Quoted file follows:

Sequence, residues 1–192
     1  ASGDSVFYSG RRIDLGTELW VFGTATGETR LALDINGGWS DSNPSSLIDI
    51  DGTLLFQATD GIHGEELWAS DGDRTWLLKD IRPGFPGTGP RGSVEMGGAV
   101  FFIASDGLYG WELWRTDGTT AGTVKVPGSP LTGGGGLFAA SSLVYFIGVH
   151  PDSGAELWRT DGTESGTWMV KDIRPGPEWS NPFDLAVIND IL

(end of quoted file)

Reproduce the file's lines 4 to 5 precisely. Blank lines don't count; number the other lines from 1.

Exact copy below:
   101  FFIASDGLYG WELWRTDGTT AGTVKVPGSP LTGGGGLFAA SSLVYFIGVH
   151  PDSGAELWRT DGTESGTWMV KDIRPGPEWS NPFDLAVIND IL